• Be a financial/vacation planner. Are your clients taking a trip? Find tips or an article about their destination and send it to them. A small gesture like this conveys to clients that you were listening to them and, perhaps more important, that you care for them.
  • Put a photo on it. Some advisors ask clients to send them their favorite photos and then use the photos to make mousepads or mugs to later delight their clients. You can also use a photo to make custom stamps on several websites. Clients will be astonished to receive a card or note with their favorite picture as the stamp. Be sure to include the rest of the book of stamps in your note to the client; in turn, he or she will likely use them on personal mail to friends and family, widening your reach and impact.
  • Share a personal story. Give clients a story they can tell! I can guarantee you that no one leaves your office and tells someone else about your comprehensive approach to wealth management that takes into account his or her unique needs and goals (blah, blah, blah). Instead, share stories that allow clients to get to know you and your firm on a personal level, as that’s what forms the basis of a strong and lasting relationship.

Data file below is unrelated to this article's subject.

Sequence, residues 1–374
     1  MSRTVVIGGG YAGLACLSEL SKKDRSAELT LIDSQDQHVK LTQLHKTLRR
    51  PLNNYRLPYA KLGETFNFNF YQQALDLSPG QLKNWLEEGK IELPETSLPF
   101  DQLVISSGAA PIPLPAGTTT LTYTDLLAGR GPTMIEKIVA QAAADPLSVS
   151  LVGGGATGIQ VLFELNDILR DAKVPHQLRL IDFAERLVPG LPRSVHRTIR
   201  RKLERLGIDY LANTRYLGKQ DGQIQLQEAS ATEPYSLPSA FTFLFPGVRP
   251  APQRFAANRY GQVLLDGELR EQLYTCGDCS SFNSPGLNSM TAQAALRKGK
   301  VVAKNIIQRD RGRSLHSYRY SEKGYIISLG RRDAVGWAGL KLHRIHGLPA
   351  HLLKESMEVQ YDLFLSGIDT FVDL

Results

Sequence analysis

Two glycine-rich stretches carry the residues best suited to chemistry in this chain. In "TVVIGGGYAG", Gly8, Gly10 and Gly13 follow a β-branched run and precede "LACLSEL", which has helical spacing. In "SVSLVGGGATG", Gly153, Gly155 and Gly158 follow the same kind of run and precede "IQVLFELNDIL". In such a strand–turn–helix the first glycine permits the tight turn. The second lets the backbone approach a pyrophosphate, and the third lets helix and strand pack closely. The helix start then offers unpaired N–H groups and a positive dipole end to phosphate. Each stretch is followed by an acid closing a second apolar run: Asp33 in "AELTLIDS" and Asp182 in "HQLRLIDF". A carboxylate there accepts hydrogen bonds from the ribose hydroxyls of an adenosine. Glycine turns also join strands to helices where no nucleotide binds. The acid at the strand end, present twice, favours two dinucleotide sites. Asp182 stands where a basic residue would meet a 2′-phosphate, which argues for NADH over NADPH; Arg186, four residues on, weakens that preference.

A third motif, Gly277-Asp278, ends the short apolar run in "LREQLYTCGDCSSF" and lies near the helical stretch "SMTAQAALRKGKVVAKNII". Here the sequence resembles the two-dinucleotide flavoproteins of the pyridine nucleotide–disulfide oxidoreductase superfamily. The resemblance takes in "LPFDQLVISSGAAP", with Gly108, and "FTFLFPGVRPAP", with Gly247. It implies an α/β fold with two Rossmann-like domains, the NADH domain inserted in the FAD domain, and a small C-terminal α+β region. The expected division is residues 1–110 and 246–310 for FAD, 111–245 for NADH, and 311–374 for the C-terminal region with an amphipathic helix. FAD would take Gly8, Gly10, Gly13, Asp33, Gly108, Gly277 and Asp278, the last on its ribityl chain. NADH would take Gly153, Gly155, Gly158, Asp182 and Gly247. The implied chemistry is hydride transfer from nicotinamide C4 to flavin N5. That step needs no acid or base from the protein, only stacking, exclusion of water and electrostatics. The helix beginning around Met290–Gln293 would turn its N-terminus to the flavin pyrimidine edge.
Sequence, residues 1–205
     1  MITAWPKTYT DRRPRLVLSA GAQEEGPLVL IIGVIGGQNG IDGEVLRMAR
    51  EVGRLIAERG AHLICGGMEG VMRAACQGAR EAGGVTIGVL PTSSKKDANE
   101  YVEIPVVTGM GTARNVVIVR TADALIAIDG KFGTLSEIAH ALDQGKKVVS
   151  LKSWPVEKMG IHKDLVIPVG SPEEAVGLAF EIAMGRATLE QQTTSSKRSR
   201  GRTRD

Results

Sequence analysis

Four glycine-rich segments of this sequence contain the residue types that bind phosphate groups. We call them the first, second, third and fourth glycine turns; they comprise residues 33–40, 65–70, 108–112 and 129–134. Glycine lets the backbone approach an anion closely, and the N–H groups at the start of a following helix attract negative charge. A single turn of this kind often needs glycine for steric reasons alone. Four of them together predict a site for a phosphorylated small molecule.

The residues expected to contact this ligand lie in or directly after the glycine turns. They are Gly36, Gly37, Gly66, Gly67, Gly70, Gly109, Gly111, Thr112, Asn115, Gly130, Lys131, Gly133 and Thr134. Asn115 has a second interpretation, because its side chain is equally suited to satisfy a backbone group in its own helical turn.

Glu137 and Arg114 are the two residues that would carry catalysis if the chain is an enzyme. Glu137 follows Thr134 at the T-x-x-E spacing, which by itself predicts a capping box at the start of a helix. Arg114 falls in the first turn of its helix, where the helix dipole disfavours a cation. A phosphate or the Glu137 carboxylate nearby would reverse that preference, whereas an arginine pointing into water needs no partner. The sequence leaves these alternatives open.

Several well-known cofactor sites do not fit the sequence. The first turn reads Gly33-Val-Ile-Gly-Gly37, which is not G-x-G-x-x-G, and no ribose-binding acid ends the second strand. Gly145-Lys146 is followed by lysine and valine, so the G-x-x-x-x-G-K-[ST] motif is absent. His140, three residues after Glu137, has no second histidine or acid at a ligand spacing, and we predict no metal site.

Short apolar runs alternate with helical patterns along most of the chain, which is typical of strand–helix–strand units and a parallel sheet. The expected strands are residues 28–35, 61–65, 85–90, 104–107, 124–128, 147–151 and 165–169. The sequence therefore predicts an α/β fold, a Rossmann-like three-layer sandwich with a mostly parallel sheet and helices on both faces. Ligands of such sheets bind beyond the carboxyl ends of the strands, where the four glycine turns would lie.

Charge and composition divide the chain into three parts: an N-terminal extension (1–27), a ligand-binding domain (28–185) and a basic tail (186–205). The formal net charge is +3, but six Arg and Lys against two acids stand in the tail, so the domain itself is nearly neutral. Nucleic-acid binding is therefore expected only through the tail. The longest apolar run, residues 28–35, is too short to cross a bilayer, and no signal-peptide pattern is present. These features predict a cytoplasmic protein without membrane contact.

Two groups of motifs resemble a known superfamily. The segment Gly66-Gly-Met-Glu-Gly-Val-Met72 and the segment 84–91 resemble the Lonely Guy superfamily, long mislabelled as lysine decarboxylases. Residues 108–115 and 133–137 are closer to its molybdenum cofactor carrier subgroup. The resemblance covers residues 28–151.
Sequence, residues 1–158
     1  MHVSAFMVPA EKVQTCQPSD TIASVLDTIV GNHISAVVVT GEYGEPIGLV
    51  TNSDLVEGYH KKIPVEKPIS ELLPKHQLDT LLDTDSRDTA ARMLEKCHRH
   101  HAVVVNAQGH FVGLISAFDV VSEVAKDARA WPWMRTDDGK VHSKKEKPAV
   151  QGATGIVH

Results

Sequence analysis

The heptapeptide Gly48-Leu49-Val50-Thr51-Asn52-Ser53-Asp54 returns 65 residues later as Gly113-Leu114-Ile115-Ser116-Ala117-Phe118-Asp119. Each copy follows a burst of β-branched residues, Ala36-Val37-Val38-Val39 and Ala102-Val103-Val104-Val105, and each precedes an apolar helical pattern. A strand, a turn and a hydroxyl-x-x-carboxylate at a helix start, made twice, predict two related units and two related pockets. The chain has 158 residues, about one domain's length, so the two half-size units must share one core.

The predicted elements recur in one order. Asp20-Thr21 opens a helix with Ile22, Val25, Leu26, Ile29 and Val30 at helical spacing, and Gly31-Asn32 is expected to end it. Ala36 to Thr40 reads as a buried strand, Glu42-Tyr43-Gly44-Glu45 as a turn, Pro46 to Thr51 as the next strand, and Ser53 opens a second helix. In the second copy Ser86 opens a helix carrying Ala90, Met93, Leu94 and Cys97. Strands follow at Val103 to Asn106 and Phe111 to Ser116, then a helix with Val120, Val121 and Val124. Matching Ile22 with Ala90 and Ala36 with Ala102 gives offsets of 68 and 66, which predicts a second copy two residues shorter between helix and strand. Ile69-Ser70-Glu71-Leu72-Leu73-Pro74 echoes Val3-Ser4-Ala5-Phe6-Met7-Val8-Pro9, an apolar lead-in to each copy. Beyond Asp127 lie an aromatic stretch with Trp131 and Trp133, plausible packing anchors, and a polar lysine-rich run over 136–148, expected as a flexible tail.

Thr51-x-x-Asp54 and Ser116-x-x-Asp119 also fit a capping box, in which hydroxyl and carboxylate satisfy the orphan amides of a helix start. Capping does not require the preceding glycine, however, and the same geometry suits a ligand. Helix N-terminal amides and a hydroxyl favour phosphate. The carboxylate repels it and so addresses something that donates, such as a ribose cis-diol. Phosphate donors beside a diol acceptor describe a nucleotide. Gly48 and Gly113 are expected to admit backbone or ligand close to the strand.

4) Make It a Team Effort

Many advisors tell me they aren’t creative, marketers, writers, and so forth. While that’s sometimes the case (it usually isn’t), advisors often have resources in house that they never thought to tap. You guessed it: your team. Someone running your operations might have marketing experience, or your paraplanner could have a networking idea. What other jobs have your staff held in the past that could help you now? Some of the best client events I’ve ever heard about came because a staff member had a special skill that the firm leveraged, such as photography or ballroom dancing.

Advisors are often shocked to discover they have a staffer who would love to work on a client event or a newsletter. They are even more shocked when that staffer considers it a fun project! That’s the beauty of hiring people to complement strengths on your team—you all bring something different to the table. And when it comes to surprising and delighting clients, you definitely want to get input from your staff. They spend a lot of time with your clients, too, and are likely to bring valuable suggestions from their interactions.

Are You Ready?

I hope you’ll agree that all of these business growth resolutions are well within your capabilities. If you set achievable goals for your firm, track your activity, get talked about, and enlist the help of your team, I am confident that 2018 will be one of your best years yet. So, are you ready? Let’s go!

How will you stay on track with your business growth resolutions this year? Do you have a partner to help you set achievable goals for your firm and stick to them? Please share your thoughts with us below!

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Topics: Practice Management